30 July 2020
This year we could not celebrate Mum’s 105th with her because it fell on a Sunday, when visits are not allowed.
Christine told us there would be a 'do', with a cake, in the Residents’ Lounge that day. It actually took place the following afternoon. We were promised pictures of the event.
Well, we visited Mum under the gazebo yesterday. There were no pictures, but Ivy did bring the Queen’s birthday card for us to see. I showed it to Mum. She saw that it was the Queen on the front but couldn't make out the text. When we read her the message, she was none the wiser.
The sides of the gazebo had been lifted, so she could see the whole of the courtyard. With its parasol tables it looked a bit like a cafe by the beach, although the tables were empty and nobody brought cups of tea.
Mum thought the service was very poor. She would not go back to this tea room, she declared.
Fed up with waiting, she asked, "Can I go home now?"

3 August 2020
Following the Government’s relaxation of the rules, we can now visit Mum in her room.
At Reception, our temperatures were taken. Mine was a chilly 35.3ºC. Someone came to escort us to the Residential Unit, to make sure we didn't linger and didn't touch anything. Once in Mum's room, we were instructed not to leave.
Mum was relaxed, going on about being a tour guide in London (Parliament etc). She appeared to recognise me and seemed fairly compos mentis. She looked at me and said I was very dark and she couldn't see me properly; she complained about the TV being dark: her eyesight must be quite bad now.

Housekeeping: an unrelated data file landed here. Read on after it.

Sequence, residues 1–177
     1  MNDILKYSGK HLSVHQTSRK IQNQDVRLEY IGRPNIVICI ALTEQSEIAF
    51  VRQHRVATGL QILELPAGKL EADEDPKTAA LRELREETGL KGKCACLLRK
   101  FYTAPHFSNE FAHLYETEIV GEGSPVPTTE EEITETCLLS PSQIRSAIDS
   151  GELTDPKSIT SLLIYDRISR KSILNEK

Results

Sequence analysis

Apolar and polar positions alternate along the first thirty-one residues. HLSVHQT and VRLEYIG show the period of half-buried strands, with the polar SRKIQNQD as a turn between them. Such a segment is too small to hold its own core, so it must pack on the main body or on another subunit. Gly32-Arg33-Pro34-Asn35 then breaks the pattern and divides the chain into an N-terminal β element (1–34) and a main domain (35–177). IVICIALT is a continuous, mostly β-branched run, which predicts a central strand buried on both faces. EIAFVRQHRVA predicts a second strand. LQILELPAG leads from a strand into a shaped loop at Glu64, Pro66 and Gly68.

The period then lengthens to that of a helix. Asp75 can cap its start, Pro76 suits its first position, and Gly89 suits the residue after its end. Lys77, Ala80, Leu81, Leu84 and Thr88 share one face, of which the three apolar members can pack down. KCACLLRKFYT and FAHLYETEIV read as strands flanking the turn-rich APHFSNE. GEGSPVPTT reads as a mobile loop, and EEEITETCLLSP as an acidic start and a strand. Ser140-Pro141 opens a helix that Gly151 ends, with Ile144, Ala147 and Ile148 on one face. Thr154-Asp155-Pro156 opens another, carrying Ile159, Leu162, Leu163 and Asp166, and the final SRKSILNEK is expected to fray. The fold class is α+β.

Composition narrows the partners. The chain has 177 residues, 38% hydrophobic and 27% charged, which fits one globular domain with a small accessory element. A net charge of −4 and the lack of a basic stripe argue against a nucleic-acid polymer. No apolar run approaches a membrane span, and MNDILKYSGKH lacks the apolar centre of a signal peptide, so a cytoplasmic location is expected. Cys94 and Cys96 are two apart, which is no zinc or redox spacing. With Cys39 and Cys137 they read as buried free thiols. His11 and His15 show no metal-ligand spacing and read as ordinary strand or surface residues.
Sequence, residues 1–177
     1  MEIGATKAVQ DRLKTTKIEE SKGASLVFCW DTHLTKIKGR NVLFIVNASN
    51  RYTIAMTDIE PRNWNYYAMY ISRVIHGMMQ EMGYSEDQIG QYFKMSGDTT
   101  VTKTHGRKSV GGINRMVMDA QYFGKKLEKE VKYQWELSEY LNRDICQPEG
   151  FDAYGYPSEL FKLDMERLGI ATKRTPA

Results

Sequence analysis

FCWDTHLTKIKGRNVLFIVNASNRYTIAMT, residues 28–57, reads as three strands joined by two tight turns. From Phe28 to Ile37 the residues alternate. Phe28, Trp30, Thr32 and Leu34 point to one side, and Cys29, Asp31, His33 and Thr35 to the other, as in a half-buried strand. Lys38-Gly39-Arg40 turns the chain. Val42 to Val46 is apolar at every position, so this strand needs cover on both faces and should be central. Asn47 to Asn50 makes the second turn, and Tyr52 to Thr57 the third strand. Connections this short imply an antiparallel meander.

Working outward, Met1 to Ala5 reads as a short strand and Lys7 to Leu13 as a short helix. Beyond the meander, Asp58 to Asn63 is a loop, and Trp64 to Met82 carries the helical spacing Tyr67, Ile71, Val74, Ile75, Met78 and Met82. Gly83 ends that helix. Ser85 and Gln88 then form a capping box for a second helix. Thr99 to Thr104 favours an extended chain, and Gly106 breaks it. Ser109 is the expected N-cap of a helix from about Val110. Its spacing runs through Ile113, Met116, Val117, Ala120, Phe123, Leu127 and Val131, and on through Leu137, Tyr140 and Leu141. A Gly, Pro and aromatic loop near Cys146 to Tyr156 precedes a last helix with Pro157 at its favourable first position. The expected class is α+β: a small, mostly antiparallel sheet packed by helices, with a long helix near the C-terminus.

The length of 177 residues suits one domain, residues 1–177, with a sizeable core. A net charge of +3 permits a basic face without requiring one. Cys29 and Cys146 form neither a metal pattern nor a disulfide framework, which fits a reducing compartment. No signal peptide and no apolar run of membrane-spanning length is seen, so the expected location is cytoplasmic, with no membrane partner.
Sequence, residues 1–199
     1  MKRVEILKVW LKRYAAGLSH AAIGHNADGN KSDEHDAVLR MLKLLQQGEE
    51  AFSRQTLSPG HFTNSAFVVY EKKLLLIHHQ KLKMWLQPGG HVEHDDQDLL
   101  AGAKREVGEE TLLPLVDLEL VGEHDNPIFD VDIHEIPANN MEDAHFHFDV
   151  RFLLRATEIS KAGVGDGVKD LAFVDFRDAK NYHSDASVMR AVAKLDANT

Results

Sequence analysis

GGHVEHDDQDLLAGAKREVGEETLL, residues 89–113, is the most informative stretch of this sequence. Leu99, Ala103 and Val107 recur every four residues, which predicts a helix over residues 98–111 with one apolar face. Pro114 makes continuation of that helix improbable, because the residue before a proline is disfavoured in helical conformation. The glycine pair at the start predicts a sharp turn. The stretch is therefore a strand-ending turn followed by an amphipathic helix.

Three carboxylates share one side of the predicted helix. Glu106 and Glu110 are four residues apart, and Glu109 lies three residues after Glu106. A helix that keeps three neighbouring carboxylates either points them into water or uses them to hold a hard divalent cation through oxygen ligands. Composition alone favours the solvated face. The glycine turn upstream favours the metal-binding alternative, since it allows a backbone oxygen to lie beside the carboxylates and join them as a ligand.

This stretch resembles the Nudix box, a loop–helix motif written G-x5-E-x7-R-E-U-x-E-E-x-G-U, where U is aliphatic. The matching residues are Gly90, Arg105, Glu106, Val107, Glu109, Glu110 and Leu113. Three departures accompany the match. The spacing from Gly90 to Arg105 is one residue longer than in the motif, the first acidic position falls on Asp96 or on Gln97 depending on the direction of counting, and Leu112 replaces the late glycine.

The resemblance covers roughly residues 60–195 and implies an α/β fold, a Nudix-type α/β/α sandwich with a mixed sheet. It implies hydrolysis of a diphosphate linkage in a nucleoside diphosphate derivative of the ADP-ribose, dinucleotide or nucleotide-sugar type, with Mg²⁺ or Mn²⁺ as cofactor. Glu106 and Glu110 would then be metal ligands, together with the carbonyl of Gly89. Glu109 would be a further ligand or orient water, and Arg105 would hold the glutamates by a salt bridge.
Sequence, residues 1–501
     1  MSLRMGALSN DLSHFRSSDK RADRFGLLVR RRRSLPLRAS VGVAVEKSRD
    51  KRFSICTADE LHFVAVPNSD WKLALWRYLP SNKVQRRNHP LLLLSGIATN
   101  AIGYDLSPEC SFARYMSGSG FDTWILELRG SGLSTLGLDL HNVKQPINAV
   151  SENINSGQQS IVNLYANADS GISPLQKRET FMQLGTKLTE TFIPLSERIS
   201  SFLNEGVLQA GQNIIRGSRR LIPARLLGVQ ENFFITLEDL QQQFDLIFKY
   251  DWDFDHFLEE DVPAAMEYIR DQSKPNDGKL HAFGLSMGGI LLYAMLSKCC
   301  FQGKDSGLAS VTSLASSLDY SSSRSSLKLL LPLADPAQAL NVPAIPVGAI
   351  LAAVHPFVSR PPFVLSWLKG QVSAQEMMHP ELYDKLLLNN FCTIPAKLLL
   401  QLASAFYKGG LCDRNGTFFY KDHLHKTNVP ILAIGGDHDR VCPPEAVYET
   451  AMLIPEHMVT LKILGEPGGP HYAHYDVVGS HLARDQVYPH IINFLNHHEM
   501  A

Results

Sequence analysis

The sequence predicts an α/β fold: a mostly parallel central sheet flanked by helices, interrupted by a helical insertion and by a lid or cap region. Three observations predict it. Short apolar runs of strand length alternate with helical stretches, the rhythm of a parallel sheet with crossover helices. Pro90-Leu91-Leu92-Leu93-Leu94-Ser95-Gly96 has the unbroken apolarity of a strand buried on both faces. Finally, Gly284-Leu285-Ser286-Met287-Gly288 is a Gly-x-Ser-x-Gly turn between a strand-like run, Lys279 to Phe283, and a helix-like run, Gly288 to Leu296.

Because we have to book in advance, our visits can now be predicted. The result, we note with amusement, is that Mum’s room is noticeably cleaner and tidier than it has ever been. Today, even her tray, normally encrusted with food gunge, was fresh and clean. The DVDs were tidied away in a drawer and the clock was set to the right date.
The one thing that missed out on the deep clean was the TV remote: it was caked in grime - until I attacked it with a baby wipe.
When our allotted hour was over, we waited for an escort, but nobody came. It turned out that the duty staff assumed we would leave and make our own way downstairs.
Looking for clarification on the procedures, I emailed, the only email address Abbeyfield publishes.
As ever, there was no response, so I guessed the CEO's email address and asked him the question.
Two days later, the CEO, Phil Birkinshaw, sent an apology saying, "things haven't been as clear to you and our staff as they should be and I ask that you take a flexible approach when visiting".

5 August 2020
Frustrated about the lack of pictures of Mum's birthday party, I email Eena about them. Five minutes later, she sends across 3 photos of Mum with the cake in front of her.
This crisis, one which severely restricts access to our relative, hasn't prompted Grove House managers to improve their communications.
The phone system is as bad as it was when we started visiting 10 years ago: this afternoon we took it in turns to dial the Residential Unit. We eventually got an answer in the early evening, 4 hours later.

28 September 2020